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A high rate of venous thromboembolism in a multi-institutional Phase II trial of weekly intravenous gemcitabine with continuous infusion fluorouracil and daily thalidomide in patients with metastatic renal cell carcinoma
Version of Record online: 3 OCT 2002
Copyright © 2002 American Cancer Society
Volume 95, Issue 8, pages 1629–1636, 15 October 2002
How to Cite
Desai, A. A., Vogelzang, N. J., Rini, B. I., Ansari, R., Krauss, S. and Stadler, W. M. (2002), A high rate of venous thromboembolism in a multi-institutional Phase II trial of weekly intravenous gemcitabine with continuous infusion fluorouracil and daily thalidomide in patients with metastatic renal cell carcinoma. Cancer, 95: 1629–1636. doi: 10.1002/cncr.10847
- Issue online: 3 OCT 2002
- Version of Record online: 3 OCT 2002
- Manuscript Accepted: 20 MAY 2002
- Manuscript Revised: 10 MAY 2002
- Manuscript Received: 3 JAN 2002
- Eli Lilly
- The Kidney Cancer Association David Stulberg Career Investigator Award (to Walter M. Stadler)
- University of Chicago Cancer Research Center. Grant Number: P30CA14599
- LIVE Foundation
- venous thromboembolism;
- renal cell carcinoma
The objective of this study was to determine the clinical response rate of the combination of weekly intravenous (IV) gemcitabine with continuous infusion fluorouracil (5-FU) and daily oral thalidomide in patients with metastatic renal cell carcinoma (RCC).
Between June, 2000 and January, 2001, 21 patients with metastatic RCC were enrolled onto this multi-institutional Phase II study of gemcitabine at 600 mg/m2 per day on Days 1, 8, and 15; 5-FU at 150 mg/m2 per day by continuous IV infusion through a permanent catheter on Days 1–21; and oral thalidomide on Days 1–28 starting at a dose of 200 mg daily. After the first 2 weeks of therapy, the thalidomide dose was escalated by 100 mg per day every week to a maximum dose of 400 mg per day unless it was precluded by toxicity. Treatment cycles were repeated every 28 days.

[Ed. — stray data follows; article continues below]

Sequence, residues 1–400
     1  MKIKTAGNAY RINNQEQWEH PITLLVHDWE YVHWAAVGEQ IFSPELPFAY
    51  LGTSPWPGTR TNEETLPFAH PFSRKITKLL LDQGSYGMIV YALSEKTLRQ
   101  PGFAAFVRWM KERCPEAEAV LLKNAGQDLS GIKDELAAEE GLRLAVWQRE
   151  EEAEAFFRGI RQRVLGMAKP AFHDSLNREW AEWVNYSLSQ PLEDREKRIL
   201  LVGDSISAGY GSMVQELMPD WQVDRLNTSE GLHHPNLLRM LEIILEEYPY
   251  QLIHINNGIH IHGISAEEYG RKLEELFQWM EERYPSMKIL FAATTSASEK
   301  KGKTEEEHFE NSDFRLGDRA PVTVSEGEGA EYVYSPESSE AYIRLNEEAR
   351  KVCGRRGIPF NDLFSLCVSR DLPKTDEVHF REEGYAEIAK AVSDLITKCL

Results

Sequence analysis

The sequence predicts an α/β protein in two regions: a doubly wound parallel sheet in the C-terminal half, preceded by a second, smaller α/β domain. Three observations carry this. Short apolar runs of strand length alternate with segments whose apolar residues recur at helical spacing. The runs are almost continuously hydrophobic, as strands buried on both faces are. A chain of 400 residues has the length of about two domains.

A high rate of venous thromboembolism (VTE) was observed. Five patients developed deep vein thrombosis (DVT), three patients developed pulmonary embolization (PE), and one patient suffered a fatal cardiac arrest preceded by hemoptysis, for an overall VTE rate of 43%. Of the 18 assessable patients, there were no complete responses and 2 partial responses (objective response rate, 10%; 95% confidence interval, 1–30%).
The addition of thalidomide to gemcitabine and 5-FU did not improve the objective response rate previously observed with gemcitabine and 5-FU alone and added significant vascular toxicity. The authors recommend against further development or use of this three-drug regimen. Cancer 2002;95:1629–36. © 2002 American Cancer Society.